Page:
Taiwan rejection of murder suspect unveils real ‘political purposes’

By Zhao Yusha Source:Global Times Published: 2019/10/22 0:03:39

A journalist takes pictures of a fire set by protesters in Hong Kong on Sunday. Photo: Wang Cong/GT

The Taiwan regional authority's dodging of its responsibility in a murder suspect's investigation is propelled by "political purposes," as the island's leaders fear that resolving the case might defuse unrest in Hong Kong, Chinese mainland observers said on Monday. 

Taiwan's "justice chief" Tsai Ching-hsiang said Monday that the case should be prioritized for review by the Hong Kong government. The Taiwan authority would provide formal judiciary assistance to Hong Kong to resolve the case and the case would not be solved privately, Radio Taiwan International reported.  

The move came after the Taiwan regional authority at the weekend rejected an attempt by Chan to turn himself into Taiwan authorities for trial and refused to grant him entry to the island.

Mainland legal experts said it was unreasonable for Taiwan to pressure Hong Kong to further investigate the case.  

The case occurred on the island of Taiwan and as there's no extradition treaty between Hong Kong and the island, it was legally impossible for Hong Kong police to obtain evidence and investigate Chan, said Zhi Zhenfeng, a legal expert at the Chinese Academy of Social Sciences in Beijing.

The Hong Kong government Sunday also rejected allegations of manipulation or political motives in the decision of murder suspect Chan Tong-kai to surrender himself to Taiwan police, and said Chan's decision was made without outside influence. 

Chan is wanted in Taiwan on murder charges and stands accused of killing his pregnant girlfriend during a holiday early last year.

He later returned to Hong Kong, where he was arrested and convicted of money laundering.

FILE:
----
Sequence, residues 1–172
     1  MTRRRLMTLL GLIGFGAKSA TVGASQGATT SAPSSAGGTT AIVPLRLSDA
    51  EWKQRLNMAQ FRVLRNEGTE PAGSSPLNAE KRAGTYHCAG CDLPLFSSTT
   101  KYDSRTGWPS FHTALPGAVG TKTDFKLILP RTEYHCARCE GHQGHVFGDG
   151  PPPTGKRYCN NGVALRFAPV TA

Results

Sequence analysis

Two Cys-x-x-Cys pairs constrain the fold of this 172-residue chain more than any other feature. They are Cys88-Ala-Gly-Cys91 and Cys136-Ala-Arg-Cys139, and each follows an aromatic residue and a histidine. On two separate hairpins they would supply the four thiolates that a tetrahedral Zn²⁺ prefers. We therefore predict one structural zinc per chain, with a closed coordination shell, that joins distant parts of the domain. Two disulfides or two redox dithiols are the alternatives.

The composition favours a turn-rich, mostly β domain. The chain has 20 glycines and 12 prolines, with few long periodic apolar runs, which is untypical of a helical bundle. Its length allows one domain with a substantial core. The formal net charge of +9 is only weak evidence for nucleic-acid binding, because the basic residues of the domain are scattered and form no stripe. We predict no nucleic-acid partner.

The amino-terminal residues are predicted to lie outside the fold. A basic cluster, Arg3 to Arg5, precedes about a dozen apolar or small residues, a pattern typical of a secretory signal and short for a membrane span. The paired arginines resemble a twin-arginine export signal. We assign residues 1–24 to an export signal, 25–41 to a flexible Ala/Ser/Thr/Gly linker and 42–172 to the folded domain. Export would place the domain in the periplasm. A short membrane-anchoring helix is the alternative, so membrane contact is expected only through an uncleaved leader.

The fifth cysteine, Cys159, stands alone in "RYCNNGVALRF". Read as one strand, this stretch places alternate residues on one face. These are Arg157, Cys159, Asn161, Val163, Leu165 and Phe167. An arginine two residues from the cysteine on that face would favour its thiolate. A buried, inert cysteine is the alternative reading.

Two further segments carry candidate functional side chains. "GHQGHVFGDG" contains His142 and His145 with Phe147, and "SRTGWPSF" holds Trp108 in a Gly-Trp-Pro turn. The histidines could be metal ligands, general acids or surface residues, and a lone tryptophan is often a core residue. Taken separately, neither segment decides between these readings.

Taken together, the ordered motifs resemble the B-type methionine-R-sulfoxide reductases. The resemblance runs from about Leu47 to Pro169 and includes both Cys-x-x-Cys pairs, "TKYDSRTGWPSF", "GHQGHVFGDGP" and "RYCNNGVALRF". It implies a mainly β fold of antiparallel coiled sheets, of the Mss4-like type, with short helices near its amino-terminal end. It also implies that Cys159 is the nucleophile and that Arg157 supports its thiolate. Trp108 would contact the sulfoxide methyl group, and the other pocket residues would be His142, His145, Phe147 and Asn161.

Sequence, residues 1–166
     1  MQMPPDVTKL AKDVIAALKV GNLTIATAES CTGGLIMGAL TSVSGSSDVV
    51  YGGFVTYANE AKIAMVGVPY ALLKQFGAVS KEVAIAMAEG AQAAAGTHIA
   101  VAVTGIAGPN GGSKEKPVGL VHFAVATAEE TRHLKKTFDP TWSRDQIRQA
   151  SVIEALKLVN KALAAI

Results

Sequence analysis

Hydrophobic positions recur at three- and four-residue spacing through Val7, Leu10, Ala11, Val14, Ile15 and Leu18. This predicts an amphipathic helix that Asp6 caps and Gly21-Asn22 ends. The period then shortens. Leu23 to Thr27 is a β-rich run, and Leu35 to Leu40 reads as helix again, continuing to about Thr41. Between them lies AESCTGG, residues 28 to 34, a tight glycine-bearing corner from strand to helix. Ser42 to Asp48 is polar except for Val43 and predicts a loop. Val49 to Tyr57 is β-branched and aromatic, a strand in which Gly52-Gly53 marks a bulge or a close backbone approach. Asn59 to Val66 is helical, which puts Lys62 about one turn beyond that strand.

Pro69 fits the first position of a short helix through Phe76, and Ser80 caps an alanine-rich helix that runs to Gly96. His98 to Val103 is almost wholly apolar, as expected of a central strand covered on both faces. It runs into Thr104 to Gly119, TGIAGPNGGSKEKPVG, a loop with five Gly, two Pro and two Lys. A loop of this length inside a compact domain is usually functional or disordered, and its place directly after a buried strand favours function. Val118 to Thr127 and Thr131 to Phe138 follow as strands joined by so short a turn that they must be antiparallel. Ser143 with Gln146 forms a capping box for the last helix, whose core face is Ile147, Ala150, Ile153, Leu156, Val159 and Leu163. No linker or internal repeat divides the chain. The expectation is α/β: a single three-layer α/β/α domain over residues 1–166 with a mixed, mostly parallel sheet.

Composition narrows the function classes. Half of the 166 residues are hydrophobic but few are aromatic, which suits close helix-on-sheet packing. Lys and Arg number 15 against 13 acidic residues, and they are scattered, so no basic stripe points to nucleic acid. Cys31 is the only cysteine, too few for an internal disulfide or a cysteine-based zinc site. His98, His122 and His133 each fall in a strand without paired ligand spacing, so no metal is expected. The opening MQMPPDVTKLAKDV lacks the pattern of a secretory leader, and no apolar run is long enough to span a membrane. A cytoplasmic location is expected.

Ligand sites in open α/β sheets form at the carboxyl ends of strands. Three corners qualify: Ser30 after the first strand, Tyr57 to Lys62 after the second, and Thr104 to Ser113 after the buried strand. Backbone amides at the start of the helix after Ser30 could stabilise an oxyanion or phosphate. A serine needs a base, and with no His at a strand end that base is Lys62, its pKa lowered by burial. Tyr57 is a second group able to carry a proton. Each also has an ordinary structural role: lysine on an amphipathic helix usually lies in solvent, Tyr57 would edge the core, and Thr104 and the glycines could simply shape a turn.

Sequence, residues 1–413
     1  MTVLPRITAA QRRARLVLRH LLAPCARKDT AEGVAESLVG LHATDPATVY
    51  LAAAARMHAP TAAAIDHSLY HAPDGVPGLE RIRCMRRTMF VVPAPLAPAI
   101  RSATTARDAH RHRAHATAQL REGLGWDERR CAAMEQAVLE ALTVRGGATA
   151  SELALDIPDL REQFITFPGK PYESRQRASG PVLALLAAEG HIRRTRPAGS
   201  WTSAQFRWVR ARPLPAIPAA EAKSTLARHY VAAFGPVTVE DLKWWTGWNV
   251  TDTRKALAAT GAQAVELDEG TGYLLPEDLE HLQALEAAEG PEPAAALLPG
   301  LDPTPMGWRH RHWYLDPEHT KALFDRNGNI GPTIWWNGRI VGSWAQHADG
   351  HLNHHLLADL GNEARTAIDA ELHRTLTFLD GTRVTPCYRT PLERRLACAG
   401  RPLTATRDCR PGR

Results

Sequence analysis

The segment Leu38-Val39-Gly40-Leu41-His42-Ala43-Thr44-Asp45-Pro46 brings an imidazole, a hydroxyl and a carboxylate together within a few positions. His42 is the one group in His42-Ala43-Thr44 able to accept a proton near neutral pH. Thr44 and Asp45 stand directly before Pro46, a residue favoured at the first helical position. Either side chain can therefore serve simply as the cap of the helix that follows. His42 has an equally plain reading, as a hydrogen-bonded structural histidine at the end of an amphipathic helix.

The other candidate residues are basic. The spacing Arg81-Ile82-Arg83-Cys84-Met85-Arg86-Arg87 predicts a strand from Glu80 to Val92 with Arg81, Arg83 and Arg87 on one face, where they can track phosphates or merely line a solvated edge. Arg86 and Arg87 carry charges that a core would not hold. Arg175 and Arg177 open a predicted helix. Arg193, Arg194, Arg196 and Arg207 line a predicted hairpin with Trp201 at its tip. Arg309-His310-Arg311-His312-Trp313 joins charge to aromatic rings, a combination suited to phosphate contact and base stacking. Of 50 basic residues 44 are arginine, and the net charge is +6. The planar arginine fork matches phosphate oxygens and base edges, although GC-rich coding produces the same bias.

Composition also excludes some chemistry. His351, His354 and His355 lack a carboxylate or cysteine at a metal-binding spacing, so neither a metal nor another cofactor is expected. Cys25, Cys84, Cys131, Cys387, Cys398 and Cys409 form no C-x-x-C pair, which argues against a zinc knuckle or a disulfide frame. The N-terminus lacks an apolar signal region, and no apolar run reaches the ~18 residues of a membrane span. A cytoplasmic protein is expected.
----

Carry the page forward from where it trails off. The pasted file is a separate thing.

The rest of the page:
Chinese mainland experts said Monday that both pressuring Hong Kong authority for further investigation of the case and rejecting Chan's surrender showed the Taiwan authority had its own political purposes. The move had backfired on the island and thrown human rights into disregard.

Chan's surrender offered a special means to resolve the unresolved issue, Li Xiaobing, an expert on Hong Kong, Macao and Taiwan studies, from Nankai University in Tianjin, told the Global Times.

The surrender also cuts legal red tape and cooperation costs for Hong Kong and the island of Taiwan, Li said.

Li said nearly four months of social unrest in Hong Kong was caused by Chan's case that he believed to have triggered the extradition bill.

Hong Kong's turmoil gave the Taiwan authority many excuses to defame the "one country, two systems" principle, he said, noting that the last thing Taiwan wanted was for the chaos in Hong Kong to lose steam, and so the island's authorities would naturally strive to fuel further conflict.

Speaking on a radio program on Saturday, Hong Kong Chief Executive Carrie Lam said she hoped Chan's decision would help calm social sentiments in Hong Kong.

Zhao said the Taiwan authority fears any judicial interaction with Hong Kong may convey a signal that the island accepts "two systems," especially approaching a sensitive time of next year's regional elections.

Thus the Taiwan authority would rather risk the island's judicial impartiality to serve its selfish political purposes, the observers noted.

Chan is due to be released from prison on Wednesday. Chan will then be free in Hong Kong as the Hong Kong government and police have no rights to restrict him, Zhi noted.

"In this case, the Taiwan authority should accept his surrender, instead of refusing without legitimate reasons, he said.


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